A lot has changed since 1962, particularly in the world of finance and pensions.
UBS recently published a weighty tome containing some fascinating data on global markets and pension funds:
Worth a read, one thing I found particularly interesting was the long-term data going back 50 years on the asset allocation and aggregate asset returns of UK pension funds.
How things change: asset allocation among UK pension funds 1962-2014
Lots of interesting trends to draw out of this data, including-
- Back in the 1960’s the allocations were very UK centric, split roughly equally between equities and bonds (in terms of liability-relative risk, this was probably a much better-hedged position than pension funds held for the majority of the next few decades).
- Interestingly, the split between equity and non-equity assets is pretty similar today as it was in 1962, with just over 40% of assets in equities.
- The peak of equity allocations occurred in the early to mid 1990s where close to 80% of pension fund assets were in equities, the majority of this being in the UK. This probably marks the highest level of risk that pension funds ran over this period.
- Real estate was actually a very significant part of portfolios in the early 1980’s, up to 20%. It has since shrank and stabilised around a 5% allocation.
- Since index-linked gilts were first issued in the early 1980s these have, not suprisingly, comprised an increasing proportion of bond portfolios compared to conventional gilts.
- One trend that this data doesn’t capture of course is the duration of the fixed income portfolios, which one has to assume has lengthened considerably in recent years with longer dated gilts and the use of LDI
- UK equities have seen a big decline in allocations, relative to overseas equities. This was initially offset somewhat by higher overall allocations to equity, but the decline manifested itself particularly in the years since 2000, when overall allocations to equities also began declining heavily.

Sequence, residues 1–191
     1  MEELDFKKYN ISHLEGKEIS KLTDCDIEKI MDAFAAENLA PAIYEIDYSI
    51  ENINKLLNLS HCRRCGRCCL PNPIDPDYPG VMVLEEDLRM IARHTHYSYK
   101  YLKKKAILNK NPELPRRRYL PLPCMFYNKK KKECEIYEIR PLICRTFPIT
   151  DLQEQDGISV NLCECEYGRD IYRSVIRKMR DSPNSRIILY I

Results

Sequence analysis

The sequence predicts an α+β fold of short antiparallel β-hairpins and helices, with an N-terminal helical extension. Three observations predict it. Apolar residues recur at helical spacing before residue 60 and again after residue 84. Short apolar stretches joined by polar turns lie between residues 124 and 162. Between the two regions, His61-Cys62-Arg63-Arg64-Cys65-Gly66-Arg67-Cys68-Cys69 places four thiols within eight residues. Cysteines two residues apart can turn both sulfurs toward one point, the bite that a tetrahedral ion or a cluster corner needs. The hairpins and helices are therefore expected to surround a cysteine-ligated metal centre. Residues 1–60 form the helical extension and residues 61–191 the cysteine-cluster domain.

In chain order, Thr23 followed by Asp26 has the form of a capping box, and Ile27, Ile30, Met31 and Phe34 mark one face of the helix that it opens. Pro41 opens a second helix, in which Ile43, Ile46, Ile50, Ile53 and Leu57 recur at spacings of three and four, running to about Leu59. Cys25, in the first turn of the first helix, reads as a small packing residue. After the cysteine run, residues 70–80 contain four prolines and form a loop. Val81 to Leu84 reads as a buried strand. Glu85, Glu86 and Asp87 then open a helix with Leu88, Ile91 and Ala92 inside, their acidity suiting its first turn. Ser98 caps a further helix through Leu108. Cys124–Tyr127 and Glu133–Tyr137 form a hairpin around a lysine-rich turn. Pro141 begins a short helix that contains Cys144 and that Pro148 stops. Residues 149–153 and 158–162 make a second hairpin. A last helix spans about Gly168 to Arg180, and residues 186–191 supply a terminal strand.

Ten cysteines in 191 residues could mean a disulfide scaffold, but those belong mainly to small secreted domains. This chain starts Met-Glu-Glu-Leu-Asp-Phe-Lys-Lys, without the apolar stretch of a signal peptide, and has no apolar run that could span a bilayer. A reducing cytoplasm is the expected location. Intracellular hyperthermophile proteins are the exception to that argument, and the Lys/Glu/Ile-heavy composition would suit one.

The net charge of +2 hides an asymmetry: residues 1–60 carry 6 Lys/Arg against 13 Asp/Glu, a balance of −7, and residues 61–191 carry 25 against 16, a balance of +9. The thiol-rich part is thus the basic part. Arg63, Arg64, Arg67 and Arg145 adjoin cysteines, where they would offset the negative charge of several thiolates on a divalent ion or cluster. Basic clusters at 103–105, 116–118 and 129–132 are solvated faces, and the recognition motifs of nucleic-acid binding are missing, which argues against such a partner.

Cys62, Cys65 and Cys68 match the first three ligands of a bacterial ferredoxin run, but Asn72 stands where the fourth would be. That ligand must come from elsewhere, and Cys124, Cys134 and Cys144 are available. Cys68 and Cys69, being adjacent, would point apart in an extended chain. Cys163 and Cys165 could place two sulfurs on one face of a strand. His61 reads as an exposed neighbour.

Based on this data, UBS have also calculated that the average returns generated by UK pension funds over this timeframe was 10.2% annualized. Impressive, you might think, but compare this to annualized returns on gilts of 8.9% p.a. and cash of 7.5% p.a. suggests that:
- Over 50 years pension funds on average generated returns of gilts + 1.3%
- Over 50 years pension funds on average generated returns of cash + 2.7%
Pretty important to bear this in mind in the context of setting expectations for future returns. If you are involved in a pension fund and are expecting relative returns to gilts or cash far in excess of these it might make sense to question whether this is reasonable.
Of course, past performance is not a guide to the future, but in an industry which frequently draws conclusions or sets assumptions based on statistically very insignificant data sets (performance of a few years, say) a 50-year data set has to be respected.
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